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Yep, Michigan State will be good

There was never a question whether Michigan State guard Kalin Lucas would be returning to East Lansing, Mich., for his senior season. Even if Lucas had been healthy all season, he was probably, at best, an outside second-round pick in the upcoming draft. With his torn Achilles tendon, Lucas' return to Michigan State was carved in stone. He needs another year to rehab and reclaim his status as one of the country's best guards; the NBA draft will have to wait.

Not so for teammate Durrell Summers. With his mix of guard skills and superior athleticism, Summers has always been an enticing NBA prospect, at once a bedazzling talent and a frustrating project for coach Tom Izzo. But 2009-10 was Summers' coming-out party -- the guard went on an offensive tear in the NCAA tournament, demonstrating the kind of scoring potential that typically causes NBA scouts to discover salivary functions they didn't previously notice.

Never mind all that, though: Summers is going to ignore the NBA draft for another year, opting instead to play his senior season at MSU, giving the Spartans one of the most formidable returning lineups in all of college basketball.

It's actually hard to imagine where Izzo is going to find minutes for everybody he'll have on his bench next season. Assuming Lucas recovers from his injury, the Spartans will feature one of the country's best point guards, and they also have Korie Lucious, who helped guide the Spartans to the Final Four in Lucas' absence. Sophomore forward Draymond Green is an emerging star and one of the smartest players in the country. Chris Allen is a senior sharpshooter. Athletic forward Delvon Roe played hurt for much of the 2009-10 season. Roe just completed successful knee surgery and should be back on the court in six weeks. Summers is Summers. And Izzo will be welcoming the No. 6-ranked recruiting class in the country to East Lansing, a class that features another incredibly athletic power forward in Adreian Payne.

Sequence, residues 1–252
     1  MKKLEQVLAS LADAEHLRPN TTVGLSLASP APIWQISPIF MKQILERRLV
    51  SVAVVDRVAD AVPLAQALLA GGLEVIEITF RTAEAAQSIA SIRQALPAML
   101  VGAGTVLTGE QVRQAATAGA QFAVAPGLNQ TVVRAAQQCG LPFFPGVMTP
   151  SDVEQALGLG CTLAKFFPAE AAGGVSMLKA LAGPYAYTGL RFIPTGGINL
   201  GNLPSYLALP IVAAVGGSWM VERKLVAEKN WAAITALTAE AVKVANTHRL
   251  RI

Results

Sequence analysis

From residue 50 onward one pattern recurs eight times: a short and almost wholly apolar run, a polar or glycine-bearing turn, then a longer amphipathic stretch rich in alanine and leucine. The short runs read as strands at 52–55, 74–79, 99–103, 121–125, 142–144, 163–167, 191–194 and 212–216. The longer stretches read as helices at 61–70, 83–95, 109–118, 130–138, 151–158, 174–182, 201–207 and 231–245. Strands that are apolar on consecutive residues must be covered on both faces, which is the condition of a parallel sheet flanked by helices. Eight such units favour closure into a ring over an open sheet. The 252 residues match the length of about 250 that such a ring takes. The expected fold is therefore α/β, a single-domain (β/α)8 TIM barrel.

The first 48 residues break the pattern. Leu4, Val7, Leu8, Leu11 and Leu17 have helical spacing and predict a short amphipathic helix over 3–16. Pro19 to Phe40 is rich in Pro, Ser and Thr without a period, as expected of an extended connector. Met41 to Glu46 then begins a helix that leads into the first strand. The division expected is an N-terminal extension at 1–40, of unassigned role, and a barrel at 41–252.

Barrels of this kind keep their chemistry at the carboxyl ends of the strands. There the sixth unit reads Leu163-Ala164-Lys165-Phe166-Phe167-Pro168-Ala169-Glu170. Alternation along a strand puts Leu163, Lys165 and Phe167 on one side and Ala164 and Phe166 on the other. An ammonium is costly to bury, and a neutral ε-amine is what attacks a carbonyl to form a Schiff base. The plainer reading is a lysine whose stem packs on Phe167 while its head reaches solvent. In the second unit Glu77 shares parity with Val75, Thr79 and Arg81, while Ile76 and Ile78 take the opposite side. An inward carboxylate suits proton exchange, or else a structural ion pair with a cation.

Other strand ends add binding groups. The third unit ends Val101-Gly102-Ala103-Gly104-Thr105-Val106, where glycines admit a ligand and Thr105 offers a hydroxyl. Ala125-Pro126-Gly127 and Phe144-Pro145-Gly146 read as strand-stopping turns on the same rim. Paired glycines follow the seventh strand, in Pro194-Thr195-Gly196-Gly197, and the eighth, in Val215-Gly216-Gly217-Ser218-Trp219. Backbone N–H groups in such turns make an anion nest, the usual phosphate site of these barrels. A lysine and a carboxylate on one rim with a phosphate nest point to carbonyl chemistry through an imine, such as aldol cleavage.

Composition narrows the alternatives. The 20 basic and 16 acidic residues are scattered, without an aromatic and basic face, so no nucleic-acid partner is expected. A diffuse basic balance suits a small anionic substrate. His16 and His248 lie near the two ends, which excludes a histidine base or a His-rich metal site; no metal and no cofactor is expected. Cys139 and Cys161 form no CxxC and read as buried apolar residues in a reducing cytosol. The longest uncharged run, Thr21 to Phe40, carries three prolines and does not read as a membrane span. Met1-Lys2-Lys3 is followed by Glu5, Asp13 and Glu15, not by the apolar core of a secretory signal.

Izzo won't lack for talent; if anything he'll have struggle to make sure all of that talent fits. This is a good problem to have. Michigan State won't just be Michigan State next year. It has a legitimate claim at a preseason No. 1 and, injuries and Kyle Singler's NBA decision notwithstanding, are a bona fide favorite to win it all next year.

All the stars are aligned. The NBA isn't poaching any of Michigan State's assets. And it all starts with Summers. This will be a very, very fun team to watch.